The £500,000 grant has been awarded to the team who are already carrying out the ‘Achieving Control of Asthma in Children In Africa‘ (ACACIA) study and were previously awarded £2 million from the NIHR for their work in Africa.
High levels of exposure to air pollution have been connected to increased severity of asthma, as well as asthma exacerbations. In recent decades sub-Saharan Africa has experienced a rise of asthma prevalence in children, which now exceeds 10 per cent in many urban areas. ACACIA’s preliminary results suggest that participants with severe asthma in the six urban study areas may be affected by high air pollution exposure, with between 18-44 per cent of them living near a dump site with waste burning at least monthly.
Personal air pollution monitoring can provide valuable evidence of a child’s exposure to air pollutants and help provide insights into ways of mitigating this risk.
In this new study, the team will aim to recruit 420 children with asthma symptoms aged between 12 and 16 years, across seven African cities. The children will wear backpacks fitted with monitoring equipment for one week, which are able to record the child’s air pollution exposure, including nitrogen dioxide and particulate matter.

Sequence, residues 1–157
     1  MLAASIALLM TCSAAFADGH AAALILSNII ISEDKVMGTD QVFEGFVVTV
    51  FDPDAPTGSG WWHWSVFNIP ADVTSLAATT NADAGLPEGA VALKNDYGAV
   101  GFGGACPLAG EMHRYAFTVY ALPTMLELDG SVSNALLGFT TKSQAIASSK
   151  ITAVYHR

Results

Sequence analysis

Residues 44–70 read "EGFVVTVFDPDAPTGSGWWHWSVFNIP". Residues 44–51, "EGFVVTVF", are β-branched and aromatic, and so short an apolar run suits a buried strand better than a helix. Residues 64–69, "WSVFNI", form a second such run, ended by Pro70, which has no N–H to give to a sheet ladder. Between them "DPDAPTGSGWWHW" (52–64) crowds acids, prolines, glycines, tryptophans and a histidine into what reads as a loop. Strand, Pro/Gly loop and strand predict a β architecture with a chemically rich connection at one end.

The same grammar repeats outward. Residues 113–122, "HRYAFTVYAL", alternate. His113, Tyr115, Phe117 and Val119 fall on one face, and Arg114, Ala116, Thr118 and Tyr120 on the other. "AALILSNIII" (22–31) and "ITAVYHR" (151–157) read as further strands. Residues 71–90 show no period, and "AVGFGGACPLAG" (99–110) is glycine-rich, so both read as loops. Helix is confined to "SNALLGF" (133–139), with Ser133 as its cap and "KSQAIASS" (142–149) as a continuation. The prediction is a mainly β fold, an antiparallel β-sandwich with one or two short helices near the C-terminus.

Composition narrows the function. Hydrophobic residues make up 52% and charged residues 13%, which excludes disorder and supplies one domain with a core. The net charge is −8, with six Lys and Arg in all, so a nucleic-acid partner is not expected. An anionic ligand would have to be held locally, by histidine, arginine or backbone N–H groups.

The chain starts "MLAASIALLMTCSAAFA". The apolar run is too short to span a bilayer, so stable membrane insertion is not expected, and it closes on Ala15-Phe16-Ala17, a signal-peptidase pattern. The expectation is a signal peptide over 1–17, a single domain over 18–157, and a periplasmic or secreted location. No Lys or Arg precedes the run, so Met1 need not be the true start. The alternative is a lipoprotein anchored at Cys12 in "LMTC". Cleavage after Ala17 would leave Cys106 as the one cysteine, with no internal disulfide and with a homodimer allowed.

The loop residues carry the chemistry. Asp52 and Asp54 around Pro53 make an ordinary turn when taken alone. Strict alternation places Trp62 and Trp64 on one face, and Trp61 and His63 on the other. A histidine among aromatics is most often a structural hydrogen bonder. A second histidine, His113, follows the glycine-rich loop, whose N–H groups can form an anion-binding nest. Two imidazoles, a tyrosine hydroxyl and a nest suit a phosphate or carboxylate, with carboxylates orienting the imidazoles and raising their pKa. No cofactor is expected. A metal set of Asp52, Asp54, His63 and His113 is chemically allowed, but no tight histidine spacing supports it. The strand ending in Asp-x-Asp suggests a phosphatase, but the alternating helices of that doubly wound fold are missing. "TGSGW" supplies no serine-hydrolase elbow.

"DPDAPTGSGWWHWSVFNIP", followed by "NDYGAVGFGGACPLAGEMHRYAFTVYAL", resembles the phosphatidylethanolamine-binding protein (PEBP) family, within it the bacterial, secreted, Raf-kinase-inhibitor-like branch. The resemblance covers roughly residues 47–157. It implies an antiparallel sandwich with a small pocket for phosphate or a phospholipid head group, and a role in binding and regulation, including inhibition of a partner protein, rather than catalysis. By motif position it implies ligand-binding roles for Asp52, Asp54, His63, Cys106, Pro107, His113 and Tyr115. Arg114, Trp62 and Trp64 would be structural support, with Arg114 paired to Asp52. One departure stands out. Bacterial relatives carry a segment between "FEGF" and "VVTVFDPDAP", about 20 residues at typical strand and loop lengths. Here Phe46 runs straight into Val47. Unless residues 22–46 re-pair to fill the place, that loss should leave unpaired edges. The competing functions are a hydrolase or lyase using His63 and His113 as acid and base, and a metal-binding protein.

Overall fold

In addition to continuing to work in Ghana, Nigeria, South Africa, Uganda, Malawi and Zimbabwe, the team have now expanded to run this study in Tanzania.
Lead research Professor Jonathan Grigg from Queen Mary University of London said: “I am delighted that the NHIR is supporting this study into air pollution in children in Sub Saharan Africa. The more we are learning about the adverse health effects of air pollution in low and middle income countries, the more we need to understand where African children are being most exposed.”
Professor Blandina Theophil Mmbaga from the Kilimanjaro Clinical Research Institute in Tanzania said: “We are very happy to join the ACACIA NIHR research team, this project will be potential for our institution and our country in understanding the link between air population and asthma in paediatric population where the exposure is high, however, data on the quality of air and its impact in this population is limited.”
The article is originally published at mirage news.